In growth theory, changes in output (GDP) are explained through changes of production factors, i.e. changes in labour or capital. Economists consider the residual, i.e. the part of changes in output that one cannot explain with changes of production factors, as total factor productivity (TFP) or technological change. In contrast to labour productivity, that relates output only to labour, total factor productivity states how efficiently an economy uses all its production factors. Continue reading What is Total Factor Productivity (TFP)?
Newspapers, and in particular economists frequently talk about labour productivity. Especially when commenting the current state of the economy, labour productivity is of central concern. This post will explain the concept of labour productivity and highlight its importance in the context of business cycle analysis. Continue reading What is Labour Productivity?
In The Conscience of a Liberal, Paul Krugman provides a compelling explanation for the recent increase of inequality in the United States. In contrast to the widely believed idea that is was globalization that caused the increase in inequality, he argues that Continue reading Review: The Conscience of a Liberal
Hillbilly Elegy is a tale of social decay. In an absorbing and fascinating manner, J.D. Vance outlines different episodes of his life that go along with the social decline of the white middle-class in the Midwest. In an impressive fashion, Continue reading Review: Hillbilly Elegy
In the past, I had a lot of difficulties to understand the difference between liberal and progressive. In fact, I was convinced, and actively used the word progressive as a synonym for the word liberal. Continue reading Difference between liberal and progressive
The Gini Coefficient is often used an indicator of inequality in a country. Additionally, one can also use the Gini Coefficient as an indicator of economic development. The Gini Coefficient is based on the Lorenz Curve and measures the degree of income or wealth inequality in an economy. The coefficient is bound between zero and one. This means that the coefficient can take on values between zero and one. A Gini Coefficient of one states complete inequality. That is, one single person receives all the income or holds all the wealth of the economy, while all others receive or own nothing. A Gini Coefficient of zero implies perfect equality. That is, all individuals obtain the same income. See the discussion of the Lorenz Curve for a clear illustration of the concept. Continue reading The Gini Coefficient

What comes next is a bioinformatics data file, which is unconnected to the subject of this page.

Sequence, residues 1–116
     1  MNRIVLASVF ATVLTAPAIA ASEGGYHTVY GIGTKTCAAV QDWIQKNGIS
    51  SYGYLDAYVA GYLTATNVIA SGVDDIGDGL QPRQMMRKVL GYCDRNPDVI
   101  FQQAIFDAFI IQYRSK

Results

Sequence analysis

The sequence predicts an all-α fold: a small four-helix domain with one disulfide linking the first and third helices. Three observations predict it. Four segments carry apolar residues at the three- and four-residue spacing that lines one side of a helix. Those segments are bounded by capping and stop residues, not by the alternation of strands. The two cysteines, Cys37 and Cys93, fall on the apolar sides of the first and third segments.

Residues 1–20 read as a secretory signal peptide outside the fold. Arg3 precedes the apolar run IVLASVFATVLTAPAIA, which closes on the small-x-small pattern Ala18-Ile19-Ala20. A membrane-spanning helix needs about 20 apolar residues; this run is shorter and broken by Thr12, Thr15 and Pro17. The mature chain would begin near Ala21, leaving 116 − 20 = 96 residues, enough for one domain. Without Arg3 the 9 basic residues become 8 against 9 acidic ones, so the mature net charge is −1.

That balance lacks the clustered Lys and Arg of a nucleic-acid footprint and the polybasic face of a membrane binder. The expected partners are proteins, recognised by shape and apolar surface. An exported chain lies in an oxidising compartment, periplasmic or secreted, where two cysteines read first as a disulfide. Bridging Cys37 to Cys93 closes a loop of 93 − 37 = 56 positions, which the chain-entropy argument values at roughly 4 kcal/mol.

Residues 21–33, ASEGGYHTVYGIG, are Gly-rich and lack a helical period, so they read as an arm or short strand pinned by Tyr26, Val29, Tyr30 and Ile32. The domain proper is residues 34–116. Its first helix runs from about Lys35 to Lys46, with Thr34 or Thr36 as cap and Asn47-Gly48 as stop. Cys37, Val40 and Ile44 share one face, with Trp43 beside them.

The Lorenz Curve displays the actual income or wealth distribution of an economy. The concept was brought up by the American economist Max O. Lorenz in 1905. The curve represents a graphical representation of the income or wealth distribution of an economy or country. That is, it shows the proportion of income earned or wealth possessed by any given percentage of the population. In the case that everyone has approximately the same wealth, we have a very equal society. While in a case where few own the majority of wealth, we have high inequality. The following figure depicts the Lorenz curve for three economies with varying degrees of inequality.
In a previous post, we discussed how to obtain clustered standard errors in R. While the previous post described how one can easily calculate cluster robust standard errors in R, this post shows how one can include cluster robust standard errors in stargazer and create nice tables including clustered standard errors.